Penile cancer


Penile cancer

Description:

Also called as penis cancer.

ICD-9: 187.

Penile cancer is a rare disease in which malignant cells develop in the skin and/or soft tissues of the penis.

Penis is a part of the reproductive system and the urinary system. The penis is the male sex organ. It contains a tube called the urethra, which carries semen or sperm and urine to the outside of the body.

The base of the penis is actually inside the body and is called the root. The main part of the penis is called the body or shaft. The tip of the penis is called the head or glans and is covered by a moveable layer of skin called the foreskin.

When sexually aroused, blood flow to the penis increases. Columns of special muscle tissue in the main body of the penis (erectile tissue) fill up with blood, and this makes the penis erect. Penile cancer is rare in the US and Europe.

Symptoms:

The most common symptom is a tender spot, wart like lump or open sore, usually painless, which originates on the tip of the penis. Pain and bleeding usually occurs if the cancer is advanced.

Causes and Risk Factors:

The exact cause is unknown. Smegma, a cheese-like, foul-smelling substance found under the foreskin of the penis may increase the risk of penis cancer. Uncircumcised men who do not keep the area under the foreskin clean and men with a history of genital warts or human papillomavirus (HPV) are at higher risk for this rare disorder. However, there are defined risk factors for the disease.

    People with HPV.

  • Smoking increases your risk factor for penile cancer.

  • Age and gender.

  • Psoriasis also one of the risk factor for penis cancer.

  • Poor penis hygiene.

Stages Include:

    Stage 1: Malignant cells are found only on the surface of the penis.

    Stage 2: Malignant cells are found on the surface, tissues beneath the surface and in the shaft of the penis.

    Stage 3: Malignant cells have spread to the lymph nodes in the groin.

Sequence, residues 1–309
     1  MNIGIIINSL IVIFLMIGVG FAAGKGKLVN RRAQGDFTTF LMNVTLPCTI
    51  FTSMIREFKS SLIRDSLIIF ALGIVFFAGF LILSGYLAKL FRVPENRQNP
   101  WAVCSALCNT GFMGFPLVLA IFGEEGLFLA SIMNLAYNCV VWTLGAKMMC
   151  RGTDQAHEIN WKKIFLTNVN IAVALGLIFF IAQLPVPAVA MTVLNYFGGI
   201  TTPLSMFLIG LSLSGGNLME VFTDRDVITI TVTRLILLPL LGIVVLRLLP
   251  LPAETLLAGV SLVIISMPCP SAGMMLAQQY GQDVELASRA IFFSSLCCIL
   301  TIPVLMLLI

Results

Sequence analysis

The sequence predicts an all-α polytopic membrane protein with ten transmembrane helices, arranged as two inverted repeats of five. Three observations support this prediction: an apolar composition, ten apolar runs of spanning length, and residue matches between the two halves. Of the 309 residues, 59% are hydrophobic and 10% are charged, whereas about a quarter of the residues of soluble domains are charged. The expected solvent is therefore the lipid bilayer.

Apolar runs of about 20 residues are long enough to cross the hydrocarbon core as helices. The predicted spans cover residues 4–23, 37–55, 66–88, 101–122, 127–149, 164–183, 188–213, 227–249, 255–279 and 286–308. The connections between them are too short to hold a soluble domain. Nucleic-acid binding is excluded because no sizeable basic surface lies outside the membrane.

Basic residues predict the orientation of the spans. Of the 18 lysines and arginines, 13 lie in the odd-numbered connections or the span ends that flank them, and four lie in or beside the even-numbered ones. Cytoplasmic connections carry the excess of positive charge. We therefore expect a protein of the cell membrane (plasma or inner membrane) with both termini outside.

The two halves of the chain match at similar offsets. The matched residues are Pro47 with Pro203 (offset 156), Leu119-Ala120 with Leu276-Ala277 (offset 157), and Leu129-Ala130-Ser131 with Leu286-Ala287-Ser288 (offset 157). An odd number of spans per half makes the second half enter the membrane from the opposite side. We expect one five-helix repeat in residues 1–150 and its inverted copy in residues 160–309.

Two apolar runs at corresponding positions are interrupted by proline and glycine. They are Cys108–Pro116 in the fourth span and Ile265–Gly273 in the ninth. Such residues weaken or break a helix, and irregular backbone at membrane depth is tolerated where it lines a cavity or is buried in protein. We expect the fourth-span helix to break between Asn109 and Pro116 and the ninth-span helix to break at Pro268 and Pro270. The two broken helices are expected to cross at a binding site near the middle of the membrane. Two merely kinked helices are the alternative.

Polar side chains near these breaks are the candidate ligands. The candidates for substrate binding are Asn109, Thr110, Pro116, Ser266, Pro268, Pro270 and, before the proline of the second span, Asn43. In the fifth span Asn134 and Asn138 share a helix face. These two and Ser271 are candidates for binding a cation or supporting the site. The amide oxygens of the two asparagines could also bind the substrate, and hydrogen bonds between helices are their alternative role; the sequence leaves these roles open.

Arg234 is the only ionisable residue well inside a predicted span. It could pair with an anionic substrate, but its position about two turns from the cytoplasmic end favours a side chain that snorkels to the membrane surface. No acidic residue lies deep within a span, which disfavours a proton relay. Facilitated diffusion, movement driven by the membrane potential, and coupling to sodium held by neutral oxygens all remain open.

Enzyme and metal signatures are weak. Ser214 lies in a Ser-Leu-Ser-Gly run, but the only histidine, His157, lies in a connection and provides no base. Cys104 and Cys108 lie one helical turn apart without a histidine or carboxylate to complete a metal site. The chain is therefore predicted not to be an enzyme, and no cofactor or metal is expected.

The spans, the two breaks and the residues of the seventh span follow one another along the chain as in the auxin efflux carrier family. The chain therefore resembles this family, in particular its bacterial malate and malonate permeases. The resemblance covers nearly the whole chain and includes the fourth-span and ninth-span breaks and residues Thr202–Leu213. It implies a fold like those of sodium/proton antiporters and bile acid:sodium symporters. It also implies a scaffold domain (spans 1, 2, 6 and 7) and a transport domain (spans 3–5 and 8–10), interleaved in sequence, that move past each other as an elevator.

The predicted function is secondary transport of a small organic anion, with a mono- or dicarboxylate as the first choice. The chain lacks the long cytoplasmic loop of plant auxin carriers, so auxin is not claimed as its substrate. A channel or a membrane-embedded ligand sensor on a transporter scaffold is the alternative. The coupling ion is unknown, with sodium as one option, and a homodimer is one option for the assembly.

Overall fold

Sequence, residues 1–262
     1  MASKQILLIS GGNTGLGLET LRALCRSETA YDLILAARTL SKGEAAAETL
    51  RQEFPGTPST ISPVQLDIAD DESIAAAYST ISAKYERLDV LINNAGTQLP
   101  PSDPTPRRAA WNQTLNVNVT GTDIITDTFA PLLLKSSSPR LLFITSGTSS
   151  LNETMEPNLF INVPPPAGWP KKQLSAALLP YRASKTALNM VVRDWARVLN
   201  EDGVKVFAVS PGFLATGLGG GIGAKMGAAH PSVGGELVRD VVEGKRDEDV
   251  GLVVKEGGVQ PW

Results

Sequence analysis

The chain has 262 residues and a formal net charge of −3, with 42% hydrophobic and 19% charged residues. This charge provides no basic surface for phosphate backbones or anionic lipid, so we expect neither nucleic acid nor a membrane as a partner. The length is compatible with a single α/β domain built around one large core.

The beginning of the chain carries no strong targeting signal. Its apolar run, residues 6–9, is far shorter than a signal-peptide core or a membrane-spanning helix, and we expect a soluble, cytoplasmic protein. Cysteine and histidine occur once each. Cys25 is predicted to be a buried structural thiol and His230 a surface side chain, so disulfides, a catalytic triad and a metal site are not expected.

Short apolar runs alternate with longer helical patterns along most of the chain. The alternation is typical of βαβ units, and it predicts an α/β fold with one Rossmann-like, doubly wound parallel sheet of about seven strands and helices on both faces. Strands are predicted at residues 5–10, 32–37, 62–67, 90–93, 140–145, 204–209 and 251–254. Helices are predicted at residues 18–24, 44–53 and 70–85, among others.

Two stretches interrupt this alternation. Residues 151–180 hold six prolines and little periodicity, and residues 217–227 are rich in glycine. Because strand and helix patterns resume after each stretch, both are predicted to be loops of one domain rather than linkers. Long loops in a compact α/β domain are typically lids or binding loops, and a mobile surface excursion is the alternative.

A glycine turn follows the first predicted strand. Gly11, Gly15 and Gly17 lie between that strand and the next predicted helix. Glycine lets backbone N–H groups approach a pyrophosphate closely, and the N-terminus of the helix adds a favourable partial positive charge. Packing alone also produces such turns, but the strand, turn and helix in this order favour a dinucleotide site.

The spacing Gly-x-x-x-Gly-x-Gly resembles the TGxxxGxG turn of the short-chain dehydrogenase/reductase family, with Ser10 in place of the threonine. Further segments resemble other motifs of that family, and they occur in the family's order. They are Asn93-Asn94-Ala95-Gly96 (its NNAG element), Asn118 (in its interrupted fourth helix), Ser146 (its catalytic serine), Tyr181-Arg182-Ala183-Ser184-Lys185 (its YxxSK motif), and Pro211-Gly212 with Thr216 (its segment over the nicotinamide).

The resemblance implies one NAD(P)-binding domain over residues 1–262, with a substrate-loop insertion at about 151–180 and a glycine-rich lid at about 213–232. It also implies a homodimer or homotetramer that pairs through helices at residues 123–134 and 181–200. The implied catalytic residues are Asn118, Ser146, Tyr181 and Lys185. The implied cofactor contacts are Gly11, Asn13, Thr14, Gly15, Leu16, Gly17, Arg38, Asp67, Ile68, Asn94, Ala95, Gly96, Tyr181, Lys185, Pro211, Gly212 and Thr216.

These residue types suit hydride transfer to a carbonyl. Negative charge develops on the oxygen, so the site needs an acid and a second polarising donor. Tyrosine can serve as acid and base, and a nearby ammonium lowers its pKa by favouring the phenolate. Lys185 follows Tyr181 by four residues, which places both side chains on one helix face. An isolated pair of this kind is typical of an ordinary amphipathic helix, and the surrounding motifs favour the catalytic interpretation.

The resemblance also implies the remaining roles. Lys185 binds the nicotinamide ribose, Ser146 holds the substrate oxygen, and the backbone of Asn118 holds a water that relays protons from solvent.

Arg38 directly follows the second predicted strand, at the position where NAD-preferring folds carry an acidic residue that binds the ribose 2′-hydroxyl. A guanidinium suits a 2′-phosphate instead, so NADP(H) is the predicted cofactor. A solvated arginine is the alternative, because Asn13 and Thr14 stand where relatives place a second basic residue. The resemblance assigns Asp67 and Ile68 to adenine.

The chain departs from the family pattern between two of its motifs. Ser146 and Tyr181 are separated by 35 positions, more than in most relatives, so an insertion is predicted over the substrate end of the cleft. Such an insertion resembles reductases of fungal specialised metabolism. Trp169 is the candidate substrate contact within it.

Stage 4: Malignant cells have spread through the penis, lymph nodes in the groin and to other parts of the body.

Diagnosis:

After performing a physical examination, it is usually necessary to obtain a tissue sample, or biopsy, of the cancerous cells for examination under the microscope. Tissue is obtained by inserting a needle into the area of abnormal skin or tissue or by removing the entire tumor in a surgical procedure called a wide local excision. Cancers are described by the type of cells from which they arise. More than 95% of penile cancers are squamous cell carcinomas, a type of cell that is flat and thin and makes up the outer layer of the skin. Once the cancer is diagnosed, a procedure called a cystoscopy may be performed, in which a tiny camera (scope) is inserted through the opening of the penis and advanced all the way to the bladder to look for spread of cancer to the urethra (tube connecting the bladder to the penis) and/or bladder. An MRI of the penis may also be performed to determine if the tumor has spread to the deeper structures of the penis or not.

Treatment:

Treatments offered for penis cancer will depend on the stage the cancer has reached. Doctors specializing in cancer treatment or the genital and urinary system, known as urologists are the best and most informed doctors to consult. They will then be able to advise how to proceed with treatment. Treatment depends on the location of the tumor and how much it has spread.

In patients presenting with a primary tumour together with positive nodes, both problems should be managed simultaneously. In patients presenting initially with positive pelvic nodes, induction chemotherapy can be administered first. Radical or palliative surgery or radiotherapy is indicated according to the tumour response.

Chemotherapy - Uses medicines to kill cancer cells. Bleomycin, cisplatin, or methotrexate alone or together are usually used for treating penile cancer along with surgery.

Radiation - Using high powered x-rays to kill cancer cells. Radiation therapy is often recommended in combination with surgery. A type of radiation therapy called external beam therapy is often used. This method delivers radiation to the penis from outside the body. External beam radiation therapy is usually performed 5 days a week for 6 - 8 weeks.

Surgery - Cuts out and removes the cancer. If the tumor is small and near the tip of the penis, surgery may be done to remove only the cancerous part of the penis. This is called a partial penectomy.

For more severe tumors, total removal total penectomy is often necessary. A new opening will be created in the groin area to allow urine to exit the body. This procedure is called an urethrostomy.

Patients who have undergone treatment for penile cancer should be seen and carefully examined by a physician every 2 to 4 months for the first year. This is especially important for those patients who have not undergone removal of lymph nodes. The risk of developing spread to lymph nodes in the groin is greatest in the first 6 months after treatment.

DISCLAIMER: This information should not substitute for seeking responsible, professional medical care.

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